The Solution from TRAI
The ingenious solution from TRAI gave more power to LCO’s, consumers and broadcasters. The rules state that the broadcasters will decide the prices of the channels directly and consumers will pay for them. The network capacity fee was introduced, installation charges were capped and A-la-carte channels were encouraged. We’ll take an in-depth look at this one-by-one.
A-la-carte – means paying for a single channel
Network Capacity Fee(NCF) – As transmission uses bandwidth, the customer has to pay for it. It is capped at ₹130 for the first 100 channels(SD) and ₹20 for every 25 channels(SD) thereafter. HD channel bandwidth is counted as twice of SD.
First 50 HD channels for 130₹ and for every 12 more channels you would have to pay ₹20.
Please note this is only for FTA channels. If the channel is a pay channel you would have to shell out extra.
So the calculation is as follows:-
₹130 + Channel cost(if any) + NCF(if any) + 18% GST = Final Cable Bill
Installation charges – capped at ₹500
BST – Basic Service Tier which offers 100 FTA(Free-to-Air) channels decided by the distributor.
You can also opt not to get the FTA channels and directly go for pay channels or other channels of your choice. Whatever you decide, the first 100(SD) and 50(HD) channels will cost you ₹130 NCF.
We have attached some screenshots below so that you get an idea of how the structure works.
As you can see, this regime might be very useful for people who watch a very low number of channels and it costs a bomb for people who need everything. Anyway, though, it appears that TRAI does not want you to sit in front of the idiot box and rather spend your time doing something productive or with your family.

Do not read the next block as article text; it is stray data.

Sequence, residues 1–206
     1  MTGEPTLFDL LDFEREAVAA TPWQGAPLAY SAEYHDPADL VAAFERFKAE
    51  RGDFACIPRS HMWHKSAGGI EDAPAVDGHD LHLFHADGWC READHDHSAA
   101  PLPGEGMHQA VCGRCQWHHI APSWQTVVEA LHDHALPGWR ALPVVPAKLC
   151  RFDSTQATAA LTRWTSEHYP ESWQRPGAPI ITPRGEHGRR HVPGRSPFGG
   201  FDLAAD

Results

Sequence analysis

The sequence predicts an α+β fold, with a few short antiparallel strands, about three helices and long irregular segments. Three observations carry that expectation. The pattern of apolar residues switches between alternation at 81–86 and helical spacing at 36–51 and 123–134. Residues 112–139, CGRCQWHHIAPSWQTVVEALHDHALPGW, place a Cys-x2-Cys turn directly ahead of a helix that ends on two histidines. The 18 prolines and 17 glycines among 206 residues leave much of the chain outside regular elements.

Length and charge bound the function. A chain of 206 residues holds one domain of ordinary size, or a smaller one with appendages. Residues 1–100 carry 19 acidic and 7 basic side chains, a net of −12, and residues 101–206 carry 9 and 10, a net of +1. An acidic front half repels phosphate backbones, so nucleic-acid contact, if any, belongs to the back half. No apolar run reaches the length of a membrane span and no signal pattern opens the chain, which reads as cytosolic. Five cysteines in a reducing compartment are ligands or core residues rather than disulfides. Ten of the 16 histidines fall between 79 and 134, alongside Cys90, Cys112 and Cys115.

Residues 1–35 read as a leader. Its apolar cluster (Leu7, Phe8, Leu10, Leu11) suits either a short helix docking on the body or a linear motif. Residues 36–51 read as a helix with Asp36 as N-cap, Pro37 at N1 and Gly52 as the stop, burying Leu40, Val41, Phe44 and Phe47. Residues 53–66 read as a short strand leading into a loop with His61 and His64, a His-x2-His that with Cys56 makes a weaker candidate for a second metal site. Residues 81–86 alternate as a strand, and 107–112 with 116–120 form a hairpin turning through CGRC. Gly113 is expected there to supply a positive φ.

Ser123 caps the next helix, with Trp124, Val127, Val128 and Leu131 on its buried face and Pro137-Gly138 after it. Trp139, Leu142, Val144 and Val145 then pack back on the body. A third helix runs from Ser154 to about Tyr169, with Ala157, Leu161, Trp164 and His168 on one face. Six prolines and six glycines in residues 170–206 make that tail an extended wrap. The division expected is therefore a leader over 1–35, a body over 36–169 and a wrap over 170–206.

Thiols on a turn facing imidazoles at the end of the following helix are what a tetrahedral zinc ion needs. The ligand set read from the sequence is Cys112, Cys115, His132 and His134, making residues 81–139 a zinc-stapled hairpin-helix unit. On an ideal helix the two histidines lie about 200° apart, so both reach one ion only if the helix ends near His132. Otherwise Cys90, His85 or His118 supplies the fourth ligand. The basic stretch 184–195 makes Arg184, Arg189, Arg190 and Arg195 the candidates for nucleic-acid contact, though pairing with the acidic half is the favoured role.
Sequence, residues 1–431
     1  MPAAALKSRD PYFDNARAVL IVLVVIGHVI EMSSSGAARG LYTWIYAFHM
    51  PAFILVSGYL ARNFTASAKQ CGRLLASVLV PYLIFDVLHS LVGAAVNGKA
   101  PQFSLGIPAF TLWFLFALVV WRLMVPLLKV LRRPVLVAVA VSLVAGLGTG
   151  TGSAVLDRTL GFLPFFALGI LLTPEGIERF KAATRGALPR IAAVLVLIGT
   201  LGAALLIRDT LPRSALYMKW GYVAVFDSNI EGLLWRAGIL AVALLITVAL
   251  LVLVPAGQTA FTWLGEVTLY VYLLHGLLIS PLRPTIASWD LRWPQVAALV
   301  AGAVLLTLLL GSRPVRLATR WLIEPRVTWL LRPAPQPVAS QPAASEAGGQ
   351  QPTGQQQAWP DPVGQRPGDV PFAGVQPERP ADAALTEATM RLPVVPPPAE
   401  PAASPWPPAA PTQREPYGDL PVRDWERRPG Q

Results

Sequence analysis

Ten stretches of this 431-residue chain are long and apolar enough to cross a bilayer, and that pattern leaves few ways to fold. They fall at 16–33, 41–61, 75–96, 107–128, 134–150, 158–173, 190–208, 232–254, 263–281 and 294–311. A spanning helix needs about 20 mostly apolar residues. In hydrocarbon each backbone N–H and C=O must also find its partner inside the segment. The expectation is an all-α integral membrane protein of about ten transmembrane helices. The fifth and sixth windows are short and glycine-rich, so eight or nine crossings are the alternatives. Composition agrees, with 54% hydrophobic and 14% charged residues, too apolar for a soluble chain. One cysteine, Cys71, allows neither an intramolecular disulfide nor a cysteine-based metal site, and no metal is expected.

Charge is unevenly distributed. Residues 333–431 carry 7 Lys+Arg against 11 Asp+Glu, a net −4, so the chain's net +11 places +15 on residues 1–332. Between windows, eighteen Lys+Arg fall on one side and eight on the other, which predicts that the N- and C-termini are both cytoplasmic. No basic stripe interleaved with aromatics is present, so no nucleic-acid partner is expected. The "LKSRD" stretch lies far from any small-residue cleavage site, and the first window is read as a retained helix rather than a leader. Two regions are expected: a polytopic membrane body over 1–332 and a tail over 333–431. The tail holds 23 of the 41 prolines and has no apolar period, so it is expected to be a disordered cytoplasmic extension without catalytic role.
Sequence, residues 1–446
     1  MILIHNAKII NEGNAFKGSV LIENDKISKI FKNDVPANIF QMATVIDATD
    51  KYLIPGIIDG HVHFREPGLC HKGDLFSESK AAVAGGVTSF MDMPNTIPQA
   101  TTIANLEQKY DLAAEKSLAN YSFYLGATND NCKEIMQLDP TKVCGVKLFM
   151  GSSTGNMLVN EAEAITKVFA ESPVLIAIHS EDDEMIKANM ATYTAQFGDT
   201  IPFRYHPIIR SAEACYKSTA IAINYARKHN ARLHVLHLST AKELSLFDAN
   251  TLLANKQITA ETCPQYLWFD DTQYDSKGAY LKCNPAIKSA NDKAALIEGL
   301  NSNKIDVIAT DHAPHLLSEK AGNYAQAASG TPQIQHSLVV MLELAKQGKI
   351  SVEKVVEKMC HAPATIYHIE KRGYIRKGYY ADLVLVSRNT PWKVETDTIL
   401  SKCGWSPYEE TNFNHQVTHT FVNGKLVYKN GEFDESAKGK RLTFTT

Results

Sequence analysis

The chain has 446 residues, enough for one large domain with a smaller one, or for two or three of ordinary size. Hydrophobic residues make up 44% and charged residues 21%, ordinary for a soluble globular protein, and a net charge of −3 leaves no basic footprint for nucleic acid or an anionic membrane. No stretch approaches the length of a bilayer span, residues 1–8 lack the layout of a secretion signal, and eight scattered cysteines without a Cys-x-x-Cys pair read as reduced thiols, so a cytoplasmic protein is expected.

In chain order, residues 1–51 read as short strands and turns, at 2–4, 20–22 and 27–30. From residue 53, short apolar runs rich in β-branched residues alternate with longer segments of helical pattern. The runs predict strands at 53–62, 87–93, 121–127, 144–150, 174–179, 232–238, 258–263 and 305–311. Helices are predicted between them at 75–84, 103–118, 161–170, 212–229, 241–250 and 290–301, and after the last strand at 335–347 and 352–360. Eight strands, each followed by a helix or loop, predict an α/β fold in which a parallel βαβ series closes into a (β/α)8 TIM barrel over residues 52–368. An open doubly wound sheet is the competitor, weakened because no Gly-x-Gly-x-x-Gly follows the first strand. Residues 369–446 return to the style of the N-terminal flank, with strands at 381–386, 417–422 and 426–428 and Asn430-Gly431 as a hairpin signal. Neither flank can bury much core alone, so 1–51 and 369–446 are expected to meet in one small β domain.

There is a twist here though. The bouquets or packs which were mentioned above have a unique rule which no one is following. The rule states that the if the broadcaster or distributor offers any bouquet, the discounted price of the bouquet should not be less than 85% of the total price of individual channels.
- Let’s take an example ;
- Channel A – 10
- 2 Channel B – 20
- 3 Channel C – 20
- 4 Channel D – 5
- 5 Channel E – 10
- 6 Channel F – 20
- 7 Channel G – 15
- Total = ₹100
Hence Bouquet(A+B+C+D+E+F+G) = ₹85(Max discount price)
This part of the rule, which is not being followed is because the Madras High Court put a stay order. The TRAI has now approached the supreme court to challenge the High COurt’s order.
It doesn’t make any sense as the channel pack/bouquet which is being declared by the broadcasters right now are very cheap, as a result, the consumer will opt for the full pack instead of individual channels.
This totally defeats the purpose of what TRAI wanted to implement. We will wait and see whether the Supreme Court passes this part of the new rule. If it does get implemented, many channels will get shut down, acquired, consolidate. We’d say it’s a win for a certain number of consumers.
What’s your opinion? Comment down below. Do you agree with the TRAI’s new rules?